While the college football world focused its attention on which team among Ohio State, Baylor and TCU would nab the fourth spot in the College Football Playoff, critical shuffling from slots No. 5 through No. 12 by the playoff committee determined the remaining access bowls. One move in particular cost the Big Ten $23.5 million.
With the Rose and Sugar Bowls making up this year’s CFP, the Orange Bowl is the remaining contract bowl outside of the CFP structure. Its deal matches an ACC team against the highest-ranked team from the SEC, Big Ten, or Notre Dame. The Big Ten and SEC champions are in the playoff, so the Orange Bowl selected the next highest-ranked team.
Despite neither team playing Saturday, Mississippi State overtook Michigan State for the No. 7 spot in the final ranking (replacing Arizona, which lost in the Pac-12 Championship), earning a spot in the Orange Bowl. That means the ACC and SEC — not the Big Ten — will split the $55 million bowl distribution. So while Michigan State will play in the Cotton Bowl against a more attractive opponent (TCU) in a superior venue (AT&T Stadium), Mississippi State getting into the Orange Bowl against Georgia Tech means $27.5 million will be distributed to the SEC.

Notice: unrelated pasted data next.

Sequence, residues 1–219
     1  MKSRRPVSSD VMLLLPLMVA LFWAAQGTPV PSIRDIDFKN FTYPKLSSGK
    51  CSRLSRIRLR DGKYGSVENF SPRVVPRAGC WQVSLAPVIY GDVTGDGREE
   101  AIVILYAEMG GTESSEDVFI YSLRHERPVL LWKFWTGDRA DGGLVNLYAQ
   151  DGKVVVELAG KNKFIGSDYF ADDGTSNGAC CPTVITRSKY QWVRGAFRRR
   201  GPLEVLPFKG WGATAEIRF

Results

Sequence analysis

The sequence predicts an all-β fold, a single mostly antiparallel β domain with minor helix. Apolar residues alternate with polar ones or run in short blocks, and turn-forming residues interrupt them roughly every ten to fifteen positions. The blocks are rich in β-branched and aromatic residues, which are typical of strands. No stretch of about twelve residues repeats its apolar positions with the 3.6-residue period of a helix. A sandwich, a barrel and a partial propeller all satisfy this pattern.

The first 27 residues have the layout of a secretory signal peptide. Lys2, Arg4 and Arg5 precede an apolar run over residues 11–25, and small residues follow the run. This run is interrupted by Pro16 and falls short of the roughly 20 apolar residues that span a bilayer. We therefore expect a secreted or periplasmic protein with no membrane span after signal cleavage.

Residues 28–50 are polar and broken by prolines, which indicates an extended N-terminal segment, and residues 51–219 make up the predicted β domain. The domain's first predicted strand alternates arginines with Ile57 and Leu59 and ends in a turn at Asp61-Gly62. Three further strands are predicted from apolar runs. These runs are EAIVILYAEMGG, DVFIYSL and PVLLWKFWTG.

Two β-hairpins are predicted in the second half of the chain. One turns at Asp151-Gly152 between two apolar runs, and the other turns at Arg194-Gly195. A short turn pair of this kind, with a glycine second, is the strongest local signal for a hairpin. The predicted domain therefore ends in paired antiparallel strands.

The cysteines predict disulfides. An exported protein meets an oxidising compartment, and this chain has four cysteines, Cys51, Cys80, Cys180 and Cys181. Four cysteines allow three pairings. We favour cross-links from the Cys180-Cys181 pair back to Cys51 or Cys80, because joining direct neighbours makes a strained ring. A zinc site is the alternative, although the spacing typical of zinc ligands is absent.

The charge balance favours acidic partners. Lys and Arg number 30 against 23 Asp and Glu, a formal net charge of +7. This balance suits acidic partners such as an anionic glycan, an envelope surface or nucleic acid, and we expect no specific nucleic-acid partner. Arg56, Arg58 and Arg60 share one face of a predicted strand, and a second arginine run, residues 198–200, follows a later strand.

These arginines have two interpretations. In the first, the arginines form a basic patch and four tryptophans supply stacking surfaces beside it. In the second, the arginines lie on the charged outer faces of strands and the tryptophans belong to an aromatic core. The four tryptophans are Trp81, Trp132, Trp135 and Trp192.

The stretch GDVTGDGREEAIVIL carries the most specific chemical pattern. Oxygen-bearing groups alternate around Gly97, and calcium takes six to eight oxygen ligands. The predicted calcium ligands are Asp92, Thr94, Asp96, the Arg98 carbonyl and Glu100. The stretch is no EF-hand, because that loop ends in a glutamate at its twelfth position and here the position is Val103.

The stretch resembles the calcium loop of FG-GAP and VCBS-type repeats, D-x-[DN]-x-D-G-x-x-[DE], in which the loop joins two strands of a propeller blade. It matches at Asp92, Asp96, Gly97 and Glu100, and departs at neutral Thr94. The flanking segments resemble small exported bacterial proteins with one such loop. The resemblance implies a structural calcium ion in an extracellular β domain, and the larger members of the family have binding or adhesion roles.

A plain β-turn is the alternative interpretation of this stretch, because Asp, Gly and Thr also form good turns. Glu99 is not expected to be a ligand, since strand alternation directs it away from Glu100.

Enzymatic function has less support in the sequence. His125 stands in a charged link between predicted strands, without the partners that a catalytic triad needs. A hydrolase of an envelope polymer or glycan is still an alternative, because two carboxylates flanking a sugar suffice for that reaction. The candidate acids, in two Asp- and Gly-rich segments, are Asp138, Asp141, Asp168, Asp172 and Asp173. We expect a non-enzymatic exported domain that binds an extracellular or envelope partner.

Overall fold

The Big Ten will receive $4 million for Michigan State’s Cotton Bowl appearance, a cool $23.5 million less than Mississippi State brings home to the SEC.